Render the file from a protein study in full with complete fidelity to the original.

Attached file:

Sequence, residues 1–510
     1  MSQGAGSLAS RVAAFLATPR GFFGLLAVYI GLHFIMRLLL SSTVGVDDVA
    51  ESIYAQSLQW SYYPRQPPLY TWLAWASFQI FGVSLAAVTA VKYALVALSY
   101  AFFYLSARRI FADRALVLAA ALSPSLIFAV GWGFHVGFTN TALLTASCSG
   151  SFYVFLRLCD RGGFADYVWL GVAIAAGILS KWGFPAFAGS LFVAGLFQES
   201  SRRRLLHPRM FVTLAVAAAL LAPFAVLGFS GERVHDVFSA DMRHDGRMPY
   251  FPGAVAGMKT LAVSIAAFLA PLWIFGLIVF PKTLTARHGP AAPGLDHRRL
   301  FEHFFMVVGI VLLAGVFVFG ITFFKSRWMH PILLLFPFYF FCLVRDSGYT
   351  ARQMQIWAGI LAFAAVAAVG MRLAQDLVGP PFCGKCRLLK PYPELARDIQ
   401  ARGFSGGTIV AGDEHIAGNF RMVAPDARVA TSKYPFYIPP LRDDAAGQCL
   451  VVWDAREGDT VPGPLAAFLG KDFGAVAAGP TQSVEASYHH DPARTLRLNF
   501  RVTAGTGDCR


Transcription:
Sequence, residues 1–510
     1  MSQGAGSLAS RVAAFLATPR GFFGLLAVYI GLHFIMRLLL SSTVGVDDVA
    51  ESIYAQSLQW SYYPRQPPLY TWLAWASFQI FGVSLAAVTA VKYALVALSY
   101  AFFYLSARRI FADRALVLAA ALSPSLIFAV GWGFHVGFTN TALLTASCSG
   151  SFYVFLRLCD RGGFADYVWL GVAIAAGILS KWGFPAFAGS LFVAGLFQES
   201  SRRRLLHPRM FVTLAVAAAL LAPFAVLGFS GERVHDVFSA DMRHDGRMPY
   251  FPGAVAGMKT LAVSIAAFLA PLWIFGLIVF PKTLTARHGP AAPGLDHRRL
   301  FEHFFMVVGI VLLAGVFVFG ITFFKSRWMH PILLLFPFYF FCLVRDSGYT
   351  ARQMQIWAGI LAFAAVAAVG MRLAQDLVGP PFCGKCRLLK PYPELARDIQ
   401  ARGFSGGTIV AGDEHIAGNF RMVAPDARVA TSKYPFYIPP LRDDAAGQCL
   451  VVWDAREGDT VPGPLAAFLG KDFGAVAAGP TQSVEASYHH DPARTLRLNF
   501  RVTAGTGDCR